Epistolary novels use fictional letters, tweets, emails and other types of communication to create a story with a unique narrative style. This is not a new form, epistolary novels have been around since the 18th century, but after a downturn in popularity they are enjoying a renaissance and the trend shows no sign of slowing.
Epistolary novels are fun to read, and to write because they capture a behind-the-scenes aesthetic. Reading one is like getting unlimited access to something restricted and they often fuel our sense of adventure. Who wouldn’t want to discover a diary or a trove of old letters and let those crackling pages reveal a long-forgotten story? Best of all this format works with every age group (picture books to adult readers) and for any genre.
Epistolary novels are simple to write as long as you follow a few helpful guidelines.
Whether you choose the full epistolary (the whole novel written in documents) or the partial epistolary form (documents interspersed with a traditional narration), you will need structure. Sure these novels can read like a loose, fun-filled lark of a tale, but don’t let that fool you. You shouldn’t forgo the normal plot elements and character arcs in the name of whimsy. It’s easy to get sidetracked with pointless or repetitive scenes in the epistolary novels. If you’re not super comfortable with story structure, I suggest you start small — opt for the partial epistolary form and include a handful of entries to augment critical points in the story. It might also help to pick one of the masterplot forms, that will add another level of structure and help keep even a full epistolary novel on track.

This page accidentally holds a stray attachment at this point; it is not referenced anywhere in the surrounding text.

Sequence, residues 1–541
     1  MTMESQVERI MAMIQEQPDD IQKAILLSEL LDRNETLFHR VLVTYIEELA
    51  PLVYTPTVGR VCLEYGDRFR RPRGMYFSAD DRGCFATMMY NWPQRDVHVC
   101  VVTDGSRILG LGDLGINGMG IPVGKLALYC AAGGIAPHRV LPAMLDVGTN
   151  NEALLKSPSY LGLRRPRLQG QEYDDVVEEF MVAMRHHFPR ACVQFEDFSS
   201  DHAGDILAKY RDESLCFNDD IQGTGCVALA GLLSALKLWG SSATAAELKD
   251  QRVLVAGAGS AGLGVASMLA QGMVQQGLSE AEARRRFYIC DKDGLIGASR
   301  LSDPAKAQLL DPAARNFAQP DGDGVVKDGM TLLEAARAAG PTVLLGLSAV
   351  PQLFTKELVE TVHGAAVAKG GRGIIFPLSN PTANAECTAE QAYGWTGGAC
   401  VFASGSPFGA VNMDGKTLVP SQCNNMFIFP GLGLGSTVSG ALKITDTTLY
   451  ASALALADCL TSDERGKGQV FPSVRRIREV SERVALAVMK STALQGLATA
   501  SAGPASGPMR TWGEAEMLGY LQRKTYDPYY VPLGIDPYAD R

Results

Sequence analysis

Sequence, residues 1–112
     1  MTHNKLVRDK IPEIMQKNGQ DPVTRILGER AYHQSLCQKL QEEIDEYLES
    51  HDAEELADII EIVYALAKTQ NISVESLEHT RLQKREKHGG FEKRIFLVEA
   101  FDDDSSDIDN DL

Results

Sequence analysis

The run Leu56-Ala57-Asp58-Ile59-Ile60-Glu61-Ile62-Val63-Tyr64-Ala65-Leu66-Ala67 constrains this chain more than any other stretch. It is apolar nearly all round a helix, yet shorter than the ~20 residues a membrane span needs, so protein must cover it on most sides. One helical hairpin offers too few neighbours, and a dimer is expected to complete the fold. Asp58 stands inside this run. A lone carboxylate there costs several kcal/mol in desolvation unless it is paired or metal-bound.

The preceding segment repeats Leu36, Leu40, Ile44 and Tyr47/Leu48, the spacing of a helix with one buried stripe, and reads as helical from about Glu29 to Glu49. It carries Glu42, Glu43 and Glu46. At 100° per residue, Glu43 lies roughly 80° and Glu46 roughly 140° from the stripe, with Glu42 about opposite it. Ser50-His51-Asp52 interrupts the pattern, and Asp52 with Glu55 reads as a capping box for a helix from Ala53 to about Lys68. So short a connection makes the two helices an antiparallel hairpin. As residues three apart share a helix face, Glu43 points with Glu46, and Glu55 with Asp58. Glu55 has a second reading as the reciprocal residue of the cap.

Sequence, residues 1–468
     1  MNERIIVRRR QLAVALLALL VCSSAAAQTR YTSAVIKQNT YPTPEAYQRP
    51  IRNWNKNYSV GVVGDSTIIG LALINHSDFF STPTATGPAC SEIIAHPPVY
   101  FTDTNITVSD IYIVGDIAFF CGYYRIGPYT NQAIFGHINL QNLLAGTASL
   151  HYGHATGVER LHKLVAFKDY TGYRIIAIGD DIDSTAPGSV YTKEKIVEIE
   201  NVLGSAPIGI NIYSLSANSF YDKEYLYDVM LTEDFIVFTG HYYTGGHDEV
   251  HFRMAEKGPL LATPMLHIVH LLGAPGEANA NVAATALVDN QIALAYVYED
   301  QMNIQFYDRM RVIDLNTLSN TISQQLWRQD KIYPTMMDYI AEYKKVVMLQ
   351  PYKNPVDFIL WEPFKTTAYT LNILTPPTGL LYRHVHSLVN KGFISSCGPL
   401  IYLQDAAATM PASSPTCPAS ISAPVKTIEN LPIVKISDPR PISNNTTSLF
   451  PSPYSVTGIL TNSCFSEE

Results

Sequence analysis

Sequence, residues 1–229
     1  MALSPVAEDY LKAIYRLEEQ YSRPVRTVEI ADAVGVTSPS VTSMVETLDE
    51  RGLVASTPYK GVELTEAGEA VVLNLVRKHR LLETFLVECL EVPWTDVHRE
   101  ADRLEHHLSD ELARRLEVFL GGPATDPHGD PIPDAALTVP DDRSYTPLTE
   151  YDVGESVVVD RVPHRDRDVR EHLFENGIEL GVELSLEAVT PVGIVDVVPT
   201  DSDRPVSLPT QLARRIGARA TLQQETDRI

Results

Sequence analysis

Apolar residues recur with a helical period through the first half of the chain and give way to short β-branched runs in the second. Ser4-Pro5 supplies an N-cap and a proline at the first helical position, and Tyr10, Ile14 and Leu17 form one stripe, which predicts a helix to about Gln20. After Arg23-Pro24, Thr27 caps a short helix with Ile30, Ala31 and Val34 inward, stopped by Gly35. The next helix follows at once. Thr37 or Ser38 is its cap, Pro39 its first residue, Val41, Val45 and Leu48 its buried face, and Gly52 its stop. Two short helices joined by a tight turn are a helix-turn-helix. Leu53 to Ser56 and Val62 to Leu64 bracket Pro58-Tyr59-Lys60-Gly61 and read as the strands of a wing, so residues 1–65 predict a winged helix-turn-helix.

There are writers who are masters of this form, they can weave letters, newspaper clippings, court testimony and more into a single story, known as the dossier form of epistolary novels. However, for those just starting out, it’s a good idea to stick with one or two forms of communication. True this is not totally realistic — every day we all move from email, to Twitter, to Instagram, and back again without getting lost — but varying the formats opens the door to confusion. This could make the story feel frantic and disjointed. Think about your characters; what mode of communication would they use? Only you know which forms will work best for your story, and target reader age should also factor into that decision. Younger (picture book age) readers might prefer letters. Letters also work great if the person communicating to your protagonist is from the past. A teen protagonist and/or teen readers might prefer something with texting.
3. Find The Right Voice:
Most epistolary novels feature one voice (monologic) such as with a diary based narrative. However, an epistolary novel can contrast two voices (dialogic), or include many voices (polylogic.) In all cases the voice is critical. Diary epistolary novels work best when they dive into raw, uncensored emotions, and expose the character’s inner flaws and aspirations.